- Agrippina the Elder
caption=Agrippina the Elder, wife of Germanicus
Julia Vipsania Agrippina (
Classical Latin: AGRIPPINA•GERMANICI [Aut|E. Groag, A. Stein, L. Petersen - e.a. (edd.), "Prosopographia Imperii Romani saeculi I, II et III" ( PIR), Berlin, 1933 - V 463 ] ), (14 BC – 18 October 33), most commonly known as Agrippina Major or Agrippina "the Elder", was one of the most prominent women in the Roman Empirein the early 1st century AD. She was the daughter of Marcus Vipsanius Agrippaby his third wife Julia the Elder, was a granddaughter of Augustusand wife of Germanicus. She was mother to the emperor Caligulaand grandmother to Nero.Citation | last = Plate | first = William | author-link = | contribution = Agrippina I | editor-last = Smith | editor-first = William | title = Dictionary of Greek and Roman Biography and Mythology| volume = 1 | pages = 80-81 | publisher = Little, Brown and Company| place = Boston | year = 1867 | contribution-url = http://www.ancientlibrary.com/smith-bio/0089.html ]
Agrippina was born in
Athens, Greece. In 5 she had married Germanicus, her second cousin and step-grandson of the Emperor Augustus.
Agrippina had nine children by Germanicus, three of whom died young. The six who survived to adulthood were:
Caligula, future Emperor
Agrippina the Younger, mother of Emperor Nero
* Julia Drusilla
The well regarded Germanicus was a candidate for the succession and had won fame campaigning in
Germaniaand Gaul, where he was accompanied by Agrippina. This was most unusual for Roman wives, as convention required them to stay at home, and earned her a reputation as a model for heroic womanhood. She bore him two children in Gaul, a boy and Agrippina the Youngerin the Rhine frontier.
Agrippina and Germanicus travelled to the
Near Eastin 19, incurring the displeasure of the emperor Tiberius. Germanicus quarrelled with Gnaeus Calpurnius Piso, the governor of Syria, and died in Antiochin mysterious circumstances. It was widely suspected that Germanicus had been poisoned – perhaps on the orders of Tiberius himself – and Agrippina returned to Rome to avenge his death. She boldly accused Piso of the murder of Germanicus. According to Tacitus ("Annals" 3.14.1), the prosecution could not prove the poisoning charge, but other charges of treason seemed likely to stick, and Piso committed suicide.
Time in Rome
From 19 to 29, Agrippina remained in Rome, becoming increasingly involved with a group of senators who opposed the growing power of Tiberius' favourite
Sejanus. Her relations with the emperor became increasingly fraught as she made it clear that she believed that he was responsible for the death of Germanicus. The climate was further poisoned by the "inveterate hatred" that Tiberius' mother felt for her (Tacitus, Annals 4.12), since Agrippina's ambition, to be the mother of emperors and thus Rome's first woman, was an open secret. In 26, the emperor rejected her request that she be allowed to marry again.
Exile and death
Agrippina and her sons Nero and Drusus were arrested in 29 on the orders of Tiberius. They were tried by the Senate and Agrippina was banished to the island of Pandataria (now called
Ventotene) in the Tyrrhenian Seaoff the coast of Campaniawhere her mother had once been banished. There she was treated with great brutality, losing an eye from the blow of a centurion and later undergoing forcible feeding (Suetonius, Tib.53). She died on 18 October 33in suspicious circumstances. Her death, according to Suetonius the result of voluntary starvation (ibid), was probably hastened by her realisation that the fall of Sejanus had "led to no abatement of horrors" (Tacitus, Annals 6.25). Tacitus also mentions malnutrition as a likely cause. After her death Tiberius accused her of "having had Asinius Gallusas a paramour and being driven by his death to loathe existence" (Annals 6.25). At Tiberius' prompting the Senate decreed that her birthday should be marked as a day of ill omen (Suet.ibid.).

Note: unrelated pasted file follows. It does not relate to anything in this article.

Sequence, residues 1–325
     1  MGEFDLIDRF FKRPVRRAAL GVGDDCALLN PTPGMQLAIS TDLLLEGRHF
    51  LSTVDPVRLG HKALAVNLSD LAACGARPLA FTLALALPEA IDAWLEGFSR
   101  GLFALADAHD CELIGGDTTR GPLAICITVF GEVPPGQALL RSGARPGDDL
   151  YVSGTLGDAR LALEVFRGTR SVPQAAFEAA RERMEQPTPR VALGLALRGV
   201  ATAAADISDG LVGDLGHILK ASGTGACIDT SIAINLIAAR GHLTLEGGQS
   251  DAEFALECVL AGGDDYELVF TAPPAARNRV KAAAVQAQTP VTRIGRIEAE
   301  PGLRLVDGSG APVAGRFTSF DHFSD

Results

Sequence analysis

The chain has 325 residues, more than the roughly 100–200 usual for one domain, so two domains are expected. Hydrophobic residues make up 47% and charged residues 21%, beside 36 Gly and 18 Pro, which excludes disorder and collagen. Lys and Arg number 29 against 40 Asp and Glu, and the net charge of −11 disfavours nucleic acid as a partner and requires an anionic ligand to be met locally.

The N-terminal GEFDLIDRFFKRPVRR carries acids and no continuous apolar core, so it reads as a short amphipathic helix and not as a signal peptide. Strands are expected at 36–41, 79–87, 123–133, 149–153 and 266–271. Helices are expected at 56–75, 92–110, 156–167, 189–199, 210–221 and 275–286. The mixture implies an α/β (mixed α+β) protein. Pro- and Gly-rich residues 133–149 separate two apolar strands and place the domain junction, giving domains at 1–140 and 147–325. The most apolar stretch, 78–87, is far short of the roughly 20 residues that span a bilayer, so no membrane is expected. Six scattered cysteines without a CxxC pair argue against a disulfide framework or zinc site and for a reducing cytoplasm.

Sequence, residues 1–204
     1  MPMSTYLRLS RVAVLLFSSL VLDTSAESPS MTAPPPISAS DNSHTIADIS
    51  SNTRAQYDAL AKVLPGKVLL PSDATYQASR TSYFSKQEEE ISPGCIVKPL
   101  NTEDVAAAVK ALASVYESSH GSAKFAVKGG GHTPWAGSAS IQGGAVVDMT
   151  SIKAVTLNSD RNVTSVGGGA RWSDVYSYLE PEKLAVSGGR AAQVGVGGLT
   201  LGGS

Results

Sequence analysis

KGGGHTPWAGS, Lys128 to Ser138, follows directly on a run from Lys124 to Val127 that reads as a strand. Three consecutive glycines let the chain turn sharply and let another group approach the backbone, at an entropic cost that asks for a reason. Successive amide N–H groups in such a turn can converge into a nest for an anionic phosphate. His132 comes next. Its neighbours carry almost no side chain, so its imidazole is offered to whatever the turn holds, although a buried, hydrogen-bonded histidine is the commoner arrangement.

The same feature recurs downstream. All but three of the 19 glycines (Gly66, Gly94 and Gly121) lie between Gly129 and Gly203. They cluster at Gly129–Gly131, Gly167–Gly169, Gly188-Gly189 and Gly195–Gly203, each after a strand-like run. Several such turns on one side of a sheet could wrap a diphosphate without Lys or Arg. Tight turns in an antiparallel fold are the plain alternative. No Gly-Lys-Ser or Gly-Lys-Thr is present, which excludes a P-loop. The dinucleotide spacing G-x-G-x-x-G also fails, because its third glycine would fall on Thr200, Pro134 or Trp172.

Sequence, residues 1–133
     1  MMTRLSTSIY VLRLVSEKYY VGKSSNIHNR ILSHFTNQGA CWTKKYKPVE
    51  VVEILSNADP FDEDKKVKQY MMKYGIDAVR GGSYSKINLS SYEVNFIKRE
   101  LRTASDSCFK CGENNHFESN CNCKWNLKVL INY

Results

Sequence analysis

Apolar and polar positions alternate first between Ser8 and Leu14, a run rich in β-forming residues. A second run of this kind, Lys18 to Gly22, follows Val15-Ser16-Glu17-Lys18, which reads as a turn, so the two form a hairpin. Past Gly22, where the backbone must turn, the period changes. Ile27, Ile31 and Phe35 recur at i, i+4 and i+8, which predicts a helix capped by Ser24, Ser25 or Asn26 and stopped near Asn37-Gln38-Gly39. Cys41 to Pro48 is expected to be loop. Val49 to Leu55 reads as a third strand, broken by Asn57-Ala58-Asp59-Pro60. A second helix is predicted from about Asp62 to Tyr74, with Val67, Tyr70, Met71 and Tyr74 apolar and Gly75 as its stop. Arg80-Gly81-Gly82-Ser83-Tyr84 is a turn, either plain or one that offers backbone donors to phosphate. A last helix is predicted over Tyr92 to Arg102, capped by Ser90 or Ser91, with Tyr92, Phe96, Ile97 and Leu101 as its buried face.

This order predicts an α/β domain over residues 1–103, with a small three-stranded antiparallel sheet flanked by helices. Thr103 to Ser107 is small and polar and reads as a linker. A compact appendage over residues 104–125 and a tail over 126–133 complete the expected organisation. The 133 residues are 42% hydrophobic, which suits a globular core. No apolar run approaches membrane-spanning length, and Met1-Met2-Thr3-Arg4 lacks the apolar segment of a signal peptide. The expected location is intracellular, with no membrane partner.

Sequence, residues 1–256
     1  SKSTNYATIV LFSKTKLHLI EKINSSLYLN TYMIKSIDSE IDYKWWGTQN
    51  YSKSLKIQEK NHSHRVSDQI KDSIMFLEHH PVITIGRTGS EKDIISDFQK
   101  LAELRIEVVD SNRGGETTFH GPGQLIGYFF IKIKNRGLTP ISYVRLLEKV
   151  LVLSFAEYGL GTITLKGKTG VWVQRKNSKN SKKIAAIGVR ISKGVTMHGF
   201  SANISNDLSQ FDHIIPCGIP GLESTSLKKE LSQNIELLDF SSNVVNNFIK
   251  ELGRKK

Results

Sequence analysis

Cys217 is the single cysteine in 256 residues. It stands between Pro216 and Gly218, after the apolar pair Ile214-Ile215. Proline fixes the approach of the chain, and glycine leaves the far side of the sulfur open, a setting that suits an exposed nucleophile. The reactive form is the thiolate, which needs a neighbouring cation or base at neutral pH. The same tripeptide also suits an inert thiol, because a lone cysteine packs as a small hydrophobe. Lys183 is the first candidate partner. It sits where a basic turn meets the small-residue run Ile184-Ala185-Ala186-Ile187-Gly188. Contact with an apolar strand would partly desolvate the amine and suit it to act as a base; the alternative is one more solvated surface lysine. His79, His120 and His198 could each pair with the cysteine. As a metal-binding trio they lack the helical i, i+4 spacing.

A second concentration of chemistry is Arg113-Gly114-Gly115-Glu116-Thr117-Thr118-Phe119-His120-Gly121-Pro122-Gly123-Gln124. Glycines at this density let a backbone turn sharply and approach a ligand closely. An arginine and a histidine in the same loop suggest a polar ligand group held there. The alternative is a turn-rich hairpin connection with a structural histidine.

Drusus died of starvation after being imprisoned in Rome and Nero Caesar either committed suicide or was murdered after his trial in 29. Only two of her children are of historical importance: Agrippina the Younger and Gaius Julius Caesar Augustus Germanicus, who succeeded
Tiberiusunder the name of Caligula. Despite Tiberius' enmity towards Caligula's elder brothers, he nonetheless made Caligula and his cousin Tiberius Gemellusjoint heirs to his property.
There is a portrait of her in the
Capitoline Museumsat Romeand a bronze medal in the British Museumshowing her ashes being brought back to Romeby order of Caligula.
Agrippina was widely regarded by contemporaries as being a woman of the highest character and exemplary Roman morals, notwithstanding a profound arrogance and a vaulting ambition: Tacitus' verdict is of a woman who "could not endure equality and loved to domineer, [and who] with her masculine aspirations was far removed from the frailties of women" (Annals 6.25).
A superficial assessment views Agrippina as the innocent victim of tyranny. In reality, however, Agrippina herself had done much to provoke her fate. Her constant dwelling on her birth (e.g. Annals 1.40) and her being the "sole surviving offspring of Augustus" (Annals 3.4) was not merely an insult to Tiberius, Augustus’ son by adoption, but also to Livia, who was Julia Augusta only by testamentary adoption; her attitude also implied a challenge to Tiberius' own position.
Tacitus, "Annals" i.-vi.:Suetonius, "The Twelve Caesars": Julio-Claudian Family Tree
* Suetonius, "De vita Casearum" -
On the Life of the Caesars"Tiberius iii.52.3, 53" and "Caligula iv.23.1"
* Robin Seager, Tiberius, London (Eyre Methuen) 1972
* (ed.), "Prosopographia Imperii Romani", 3 vol., Berlin, 1897-1898. (PIR1)
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